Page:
Dentists are not often known for dosing out drugs to people that cause addiction. It is lesser-known that some of the medications prescribed for dental procedures can be addictive. Percocet, one of the commonly used painkillers, has the potential for dependence. Most people don’t discuss the potential for addiction from drugs at the dentist’s office. Opioids are one of the main reasons addiction takes over people’s lives after procedures. This shadow side to dental drugs should come into the light so more people are aware of the challenges they may face sitting in the dentist’s chair.
Why Addiction Happens
Dentists are the leading prescribers opioids, especially for things like tooth extractions. The highest number of painkiller prescriptions go to teenagers, followed by adults over age 18. The rates skyrocket due to the high risk of addiction with opioids. There are medical and dental practices that give people extra medication to avoid seeing the patient again but this causes lots of problems for them to just refill it whenever they want. Half of all dental patients get relief from over-the-counter medication so the dentists don’t always know how to prescribe, without overprescribing, and try to keep everyone safe.
What Happens After
To combat the epidemic, dental schools are changing how they provide medication for patients in the chair. Surgical patients are given detailed explanations of the best way to care for and dispose of medication. They write two-week prescriptions for opioids that they cannot refill. Prescribing medication is about education and dispensing issues. When teaching students in dental school, it is about how to properly dose those who might need more medication and adjust it for those who say they need less. A prescription for opioids is important to follow, but it can still lead to issues of dependence. People can recover from addiction, but it may catch them, and their families, by surprise to deal with the struggle after a procedure that seemed so simple. Some key things to note:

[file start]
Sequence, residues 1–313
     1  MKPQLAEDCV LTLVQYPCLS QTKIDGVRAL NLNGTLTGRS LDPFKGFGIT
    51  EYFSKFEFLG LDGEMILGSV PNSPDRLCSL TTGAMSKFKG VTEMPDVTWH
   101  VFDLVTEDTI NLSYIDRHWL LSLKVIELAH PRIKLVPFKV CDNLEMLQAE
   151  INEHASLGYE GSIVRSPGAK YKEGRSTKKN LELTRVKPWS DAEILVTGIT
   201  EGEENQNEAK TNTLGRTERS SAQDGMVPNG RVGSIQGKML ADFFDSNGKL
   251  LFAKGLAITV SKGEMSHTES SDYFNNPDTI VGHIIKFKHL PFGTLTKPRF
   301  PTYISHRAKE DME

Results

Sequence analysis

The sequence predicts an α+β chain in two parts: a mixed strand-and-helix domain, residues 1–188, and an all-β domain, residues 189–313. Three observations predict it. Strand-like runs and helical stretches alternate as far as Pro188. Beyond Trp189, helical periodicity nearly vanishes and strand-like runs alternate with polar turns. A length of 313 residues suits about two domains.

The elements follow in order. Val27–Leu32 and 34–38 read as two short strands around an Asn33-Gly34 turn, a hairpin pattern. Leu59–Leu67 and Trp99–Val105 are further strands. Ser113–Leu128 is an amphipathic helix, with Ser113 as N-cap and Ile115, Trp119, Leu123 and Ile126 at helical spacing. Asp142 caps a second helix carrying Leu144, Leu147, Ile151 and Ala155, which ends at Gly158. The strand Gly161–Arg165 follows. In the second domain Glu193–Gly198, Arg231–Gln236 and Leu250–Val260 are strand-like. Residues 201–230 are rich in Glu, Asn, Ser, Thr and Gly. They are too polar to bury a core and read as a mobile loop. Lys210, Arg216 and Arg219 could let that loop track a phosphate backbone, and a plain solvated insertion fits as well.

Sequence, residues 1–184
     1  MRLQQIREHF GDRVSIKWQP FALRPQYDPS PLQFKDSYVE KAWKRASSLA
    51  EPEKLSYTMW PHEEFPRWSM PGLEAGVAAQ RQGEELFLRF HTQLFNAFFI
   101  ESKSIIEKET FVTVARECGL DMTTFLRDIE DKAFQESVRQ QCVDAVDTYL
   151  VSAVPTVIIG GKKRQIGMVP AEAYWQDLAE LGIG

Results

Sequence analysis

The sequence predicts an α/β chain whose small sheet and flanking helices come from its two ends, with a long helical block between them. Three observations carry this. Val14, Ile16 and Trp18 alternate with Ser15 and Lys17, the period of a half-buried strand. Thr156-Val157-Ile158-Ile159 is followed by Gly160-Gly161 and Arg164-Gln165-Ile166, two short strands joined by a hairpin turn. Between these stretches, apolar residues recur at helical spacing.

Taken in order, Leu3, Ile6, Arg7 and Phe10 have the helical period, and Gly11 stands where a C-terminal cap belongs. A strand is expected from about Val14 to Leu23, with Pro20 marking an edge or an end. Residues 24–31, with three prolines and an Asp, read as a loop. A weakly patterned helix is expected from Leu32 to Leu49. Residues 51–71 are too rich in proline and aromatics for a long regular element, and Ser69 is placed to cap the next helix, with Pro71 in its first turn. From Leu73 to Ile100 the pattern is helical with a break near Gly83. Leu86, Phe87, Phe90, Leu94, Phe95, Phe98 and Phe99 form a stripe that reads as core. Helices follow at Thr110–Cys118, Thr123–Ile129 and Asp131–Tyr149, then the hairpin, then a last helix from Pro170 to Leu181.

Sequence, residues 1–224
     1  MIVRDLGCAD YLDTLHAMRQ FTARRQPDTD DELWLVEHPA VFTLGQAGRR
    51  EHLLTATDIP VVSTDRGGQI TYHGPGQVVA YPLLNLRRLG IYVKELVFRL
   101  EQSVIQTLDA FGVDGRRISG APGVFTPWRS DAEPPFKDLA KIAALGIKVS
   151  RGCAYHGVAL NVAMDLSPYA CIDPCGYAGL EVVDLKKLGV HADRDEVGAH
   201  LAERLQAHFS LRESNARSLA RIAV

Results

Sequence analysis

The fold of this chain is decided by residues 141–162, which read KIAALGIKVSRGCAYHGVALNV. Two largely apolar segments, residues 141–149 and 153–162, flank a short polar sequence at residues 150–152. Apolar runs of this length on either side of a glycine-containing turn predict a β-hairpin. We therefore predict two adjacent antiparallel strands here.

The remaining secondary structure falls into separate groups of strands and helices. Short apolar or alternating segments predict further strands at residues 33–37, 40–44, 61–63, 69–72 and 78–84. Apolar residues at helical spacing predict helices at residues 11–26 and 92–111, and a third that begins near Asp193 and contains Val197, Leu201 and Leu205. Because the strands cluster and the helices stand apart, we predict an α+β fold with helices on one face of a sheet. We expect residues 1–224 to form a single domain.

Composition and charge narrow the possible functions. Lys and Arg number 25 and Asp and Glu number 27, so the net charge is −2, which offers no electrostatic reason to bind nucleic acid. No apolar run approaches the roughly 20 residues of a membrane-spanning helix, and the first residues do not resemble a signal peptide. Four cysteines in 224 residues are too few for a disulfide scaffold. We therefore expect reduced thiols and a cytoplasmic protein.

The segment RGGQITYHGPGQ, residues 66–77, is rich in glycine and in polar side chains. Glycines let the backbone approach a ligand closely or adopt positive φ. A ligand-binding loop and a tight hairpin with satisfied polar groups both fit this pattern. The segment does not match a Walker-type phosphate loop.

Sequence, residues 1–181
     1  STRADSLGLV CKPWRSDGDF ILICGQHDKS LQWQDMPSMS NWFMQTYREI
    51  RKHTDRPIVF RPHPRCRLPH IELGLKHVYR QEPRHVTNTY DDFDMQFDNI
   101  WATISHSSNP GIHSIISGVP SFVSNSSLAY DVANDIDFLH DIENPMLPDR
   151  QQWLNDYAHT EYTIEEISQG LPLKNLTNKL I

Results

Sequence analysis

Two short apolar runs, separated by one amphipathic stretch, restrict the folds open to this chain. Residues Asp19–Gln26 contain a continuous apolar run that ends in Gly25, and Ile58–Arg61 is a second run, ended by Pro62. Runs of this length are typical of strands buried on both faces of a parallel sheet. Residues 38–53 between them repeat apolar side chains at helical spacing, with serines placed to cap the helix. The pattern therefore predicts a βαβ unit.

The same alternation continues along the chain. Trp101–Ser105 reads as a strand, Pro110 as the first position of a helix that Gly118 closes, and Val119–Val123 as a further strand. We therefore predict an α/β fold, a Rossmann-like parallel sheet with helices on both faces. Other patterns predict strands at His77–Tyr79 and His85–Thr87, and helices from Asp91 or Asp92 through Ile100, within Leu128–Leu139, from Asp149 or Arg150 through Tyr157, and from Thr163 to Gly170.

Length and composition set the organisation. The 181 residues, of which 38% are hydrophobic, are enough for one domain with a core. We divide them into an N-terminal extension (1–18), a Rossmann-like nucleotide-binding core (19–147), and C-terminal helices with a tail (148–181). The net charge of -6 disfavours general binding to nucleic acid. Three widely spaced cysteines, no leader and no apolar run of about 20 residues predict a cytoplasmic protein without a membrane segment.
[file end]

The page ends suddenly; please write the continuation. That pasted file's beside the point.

- Take medication only as prescribed and necessary
- Be wary of family members seeking more of the drug after the time period they should be feeling less pain or better
- Doctors and parents or loved ones need to work together and communicate about needs and issues
There is more work to be done on educating everyone, but the tide is changing in favor of dentists providing fewer opioids and more OTC drugs where necessary. It is also good to check in with teens and young adults, as well as older adults, about how they feel following a dental procedure. If they have been addicted to drugs in the past, it is good to monitor pain relief options for them. Likewise, it is important to monitor pain relief for people in general and see what alternatives may exist to getting through dental procedures without opioids.
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